Meeting and Mitigating Challenges: Part 3
In this third edition of our series about challenges facing the library, we’re going to walk right up to the elephant in the room and talk intellectual freedom and, specifically, how the library board interacts with this bedrock library concept. Ideally, the library board is comprised of citizens who are passionate about their community and invested in the library and its mission, but you also might wind up with trustees who are deeply embedded in their community without much experience with libraries outside of picking up books.
I put some questions to our consultant Catherine Alloway who does many board trainings on our behalf. Specifically, I asked her about misconceptions, the role of the board, and their mission when it comes to “challenging” and “challenged” material. Catherine offered her valuable insights about what makes for a solid trustee and the ways in which they are vital for keeping libraries places of nuance in a rhetorical environment that seems intolerant of grey areas.
Catherine begins her trainings by focusing on four roles that trustees play for the library: Booster, Strategist, Counselor, and Ambassador. She considers the “booster” role to be one of the most important when it comes to maintaining intellectual freedom, writing:
“The ‘Booster’ role requires that trustees get to know the library’s work, mission, values, and key documents. They must become acquainted with the library’s collection development policy and procedures for handling a request to remove material from the collection. Ideally, this is done BEFORE a protest, so they are calmer and clearer when a controversy ensues. They must also learn about meeting room policy, and how controversial groups, including political, hate and religious groups, have the right to use the library’s meeting rooms provided they meet the library’s procedure requirements.”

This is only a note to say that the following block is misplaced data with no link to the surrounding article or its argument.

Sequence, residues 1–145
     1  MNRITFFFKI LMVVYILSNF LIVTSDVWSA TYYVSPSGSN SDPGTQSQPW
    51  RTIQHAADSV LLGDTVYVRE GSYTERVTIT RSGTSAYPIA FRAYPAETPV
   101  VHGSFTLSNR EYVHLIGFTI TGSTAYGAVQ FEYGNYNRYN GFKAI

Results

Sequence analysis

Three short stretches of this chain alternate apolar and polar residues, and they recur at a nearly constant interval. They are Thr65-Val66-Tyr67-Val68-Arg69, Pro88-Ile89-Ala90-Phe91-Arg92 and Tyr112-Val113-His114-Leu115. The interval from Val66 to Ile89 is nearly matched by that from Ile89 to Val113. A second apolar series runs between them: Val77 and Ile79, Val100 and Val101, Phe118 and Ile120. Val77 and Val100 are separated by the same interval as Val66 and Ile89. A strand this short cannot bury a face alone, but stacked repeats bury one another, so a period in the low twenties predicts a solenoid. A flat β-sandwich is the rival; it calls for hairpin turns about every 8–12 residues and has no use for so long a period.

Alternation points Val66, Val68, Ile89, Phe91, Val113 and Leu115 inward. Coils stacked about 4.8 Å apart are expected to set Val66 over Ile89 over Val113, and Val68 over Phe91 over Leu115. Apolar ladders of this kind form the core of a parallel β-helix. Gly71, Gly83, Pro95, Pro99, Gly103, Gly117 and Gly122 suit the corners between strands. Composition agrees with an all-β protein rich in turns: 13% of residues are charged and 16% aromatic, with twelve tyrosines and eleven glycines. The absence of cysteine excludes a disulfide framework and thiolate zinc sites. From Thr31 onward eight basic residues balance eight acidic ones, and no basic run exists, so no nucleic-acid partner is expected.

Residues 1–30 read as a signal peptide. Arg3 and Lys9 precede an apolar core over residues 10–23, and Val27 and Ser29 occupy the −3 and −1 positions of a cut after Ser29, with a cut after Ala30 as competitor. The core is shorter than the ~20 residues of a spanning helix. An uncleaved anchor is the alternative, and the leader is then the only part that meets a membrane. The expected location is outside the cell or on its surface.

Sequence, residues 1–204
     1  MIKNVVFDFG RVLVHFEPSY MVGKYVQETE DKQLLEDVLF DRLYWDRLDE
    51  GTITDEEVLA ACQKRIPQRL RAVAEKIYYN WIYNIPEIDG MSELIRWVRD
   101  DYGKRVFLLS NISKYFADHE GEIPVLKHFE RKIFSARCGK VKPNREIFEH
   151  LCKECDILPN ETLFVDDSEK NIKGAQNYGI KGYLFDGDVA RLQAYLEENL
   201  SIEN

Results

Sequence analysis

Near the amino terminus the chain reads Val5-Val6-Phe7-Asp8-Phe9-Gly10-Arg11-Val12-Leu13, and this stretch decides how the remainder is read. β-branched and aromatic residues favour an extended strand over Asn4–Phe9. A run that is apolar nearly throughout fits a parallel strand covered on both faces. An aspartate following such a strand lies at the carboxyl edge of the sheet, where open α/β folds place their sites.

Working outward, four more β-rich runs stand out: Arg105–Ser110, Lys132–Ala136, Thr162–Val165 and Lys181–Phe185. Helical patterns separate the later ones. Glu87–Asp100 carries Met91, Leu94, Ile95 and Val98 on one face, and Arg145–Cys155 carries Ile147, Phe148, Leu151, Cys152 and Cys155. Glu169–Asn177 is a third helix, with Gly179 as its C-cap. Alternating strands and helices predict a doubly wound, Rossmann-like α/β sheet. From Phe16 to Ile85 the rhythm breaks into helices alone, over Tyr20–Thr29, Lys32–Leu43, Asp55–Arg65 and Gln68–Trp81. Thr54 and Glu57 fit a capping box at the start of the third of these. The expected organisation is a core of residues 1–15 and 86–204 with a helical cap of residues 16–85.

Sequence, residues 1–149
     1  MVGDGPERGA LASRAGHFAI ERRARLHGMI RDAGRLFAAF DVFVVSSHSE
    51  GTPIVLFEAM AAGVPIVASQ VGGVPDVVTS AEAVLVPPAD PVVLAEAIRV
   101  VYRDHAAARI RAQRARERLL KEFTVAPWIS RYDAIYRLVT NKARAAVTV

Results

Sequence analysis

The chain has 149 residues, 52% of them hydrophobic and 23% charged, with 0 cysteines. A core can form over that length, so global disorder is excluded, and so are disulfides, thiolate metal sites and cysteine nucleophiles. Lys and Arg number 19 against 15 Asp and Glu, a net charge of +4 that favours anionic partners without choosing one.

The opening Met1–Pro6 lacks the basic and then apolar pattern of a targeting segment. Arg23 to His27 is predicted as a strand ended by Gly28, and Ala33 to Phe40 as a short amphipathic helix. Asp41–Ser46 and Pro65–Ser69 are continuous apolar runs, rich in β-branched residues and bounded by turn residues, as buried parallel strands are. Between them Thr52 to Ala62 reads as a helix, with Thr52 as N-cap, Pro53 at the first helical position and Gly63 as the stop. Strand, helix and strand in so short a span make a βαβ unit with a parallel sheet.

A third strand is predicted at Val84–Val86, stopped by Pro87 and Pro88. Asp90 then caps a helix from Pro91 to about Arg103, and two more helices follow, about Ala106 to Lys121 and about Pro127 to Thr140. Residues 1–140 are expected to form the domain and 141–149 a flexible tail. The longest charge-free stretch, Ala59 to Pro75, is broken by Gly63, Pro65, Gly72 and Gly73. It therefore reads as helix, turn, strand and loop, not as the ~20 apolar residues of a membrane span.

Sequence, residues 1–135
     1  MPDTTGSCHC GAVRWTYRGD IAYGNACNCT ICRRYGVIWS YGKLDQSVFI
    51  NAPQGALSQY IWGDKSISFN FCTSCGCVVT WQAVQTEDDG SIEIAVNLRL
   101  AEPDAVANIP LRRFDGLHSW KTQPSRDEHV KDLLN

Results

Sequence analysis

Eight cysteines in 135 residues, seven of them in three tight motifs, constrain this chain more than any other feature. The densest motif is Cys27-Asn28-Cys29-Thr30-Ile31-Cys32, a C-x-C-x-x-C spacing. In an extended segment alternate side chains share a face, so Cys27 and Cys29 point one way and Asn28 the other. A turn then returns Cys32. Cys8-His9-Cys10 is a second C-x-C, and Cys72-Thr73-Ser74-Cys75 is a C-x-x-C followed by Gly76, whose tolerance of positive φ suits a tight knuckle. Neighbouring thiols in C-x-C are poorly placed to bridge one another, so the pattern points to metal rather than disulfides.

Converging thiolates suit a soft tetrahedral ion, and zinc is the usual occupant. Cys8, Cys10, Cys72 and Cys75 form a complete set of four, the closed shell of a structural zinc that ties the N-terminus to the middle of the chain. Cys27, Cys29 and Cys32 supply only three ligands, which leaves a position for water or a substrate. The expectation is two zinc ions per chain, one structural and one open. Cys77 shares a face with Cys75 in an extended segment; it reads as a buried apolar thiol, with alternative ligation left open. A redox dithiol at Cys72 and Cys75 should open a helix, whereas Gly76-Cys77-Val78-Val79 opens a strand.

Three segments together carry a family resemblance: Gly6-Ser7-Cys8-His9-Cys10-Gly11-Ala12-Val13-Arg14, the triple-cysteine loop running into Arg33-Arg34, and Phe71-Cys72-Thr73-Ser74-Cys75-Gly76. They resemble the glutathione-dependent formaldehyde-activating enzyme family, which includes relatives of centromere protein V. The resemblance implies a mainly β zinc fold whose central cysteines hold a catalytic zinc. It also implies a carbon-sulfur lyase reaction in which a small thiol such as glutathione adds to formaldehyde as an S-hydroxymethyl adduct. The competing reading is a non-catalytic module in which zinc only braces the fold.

Good trustees learn and understand the vital role libraries play in freedom of speech and should be prepared to face controversies over materials and controversial meeting room use.
As illustrated by United for Library’s Intellectual Freedom and Censorship terms guide:
“In expressing their opinions and concerns, would-be censors are exercising the same rights librarians seek to protect when they confront censorship. In making their criticisms known, people who object to certain ideas are exercising the same rights as those who created and disseminated the material to which they object. Their rights to voice opinions and try to persuade others to adopt those opinions is protected only if the rights of persons to express ideas they despise are also protected. The rights of both sides must be protected, or neither will survive.”
Catherine points out that because library collections are for an entire community, libraries have an imperative to shelve materials that might create controversy. She cites the example of the book Gender Queer: “If a book like Gender Queer is deemed inappropriate for a school library, the public library should keep it – precisely BECAUSE there is a community controversy, and people on both sides of the issues need access to the item for reasonable debate, review and outcome.”
Even if it feels like the ideal of “reasonable debate” is getting stretched close to rupture, Catherine’s point still illustrates how important the role of the library (and the awareness of the trustee) is in guiding and maintaining a healthy, democratic society. To quote Catherine again: “A trustee can be a “counselor” and support library staff during intellectual freedom challenges. Many librarians are targets for name calling, false accusations, and have lost jobs as they have defended the presence of a book in their library collection.”
It is important that board members understand these stakes and feel motivated by the library’s mission. Libraries are not striving for “neutrality,” but a deep commitment to intellectual freedom. The library as a place that allows for a fuller perspective on our shared human experience may seem like a quaint expression in times as polarized and cynical as these, but it is an outlook that continues to inspire our work with libraries. The cross-community representation of a strong and engaged library board should be a visible form of that connection.
Contact us if you’re interested in setting up a board training.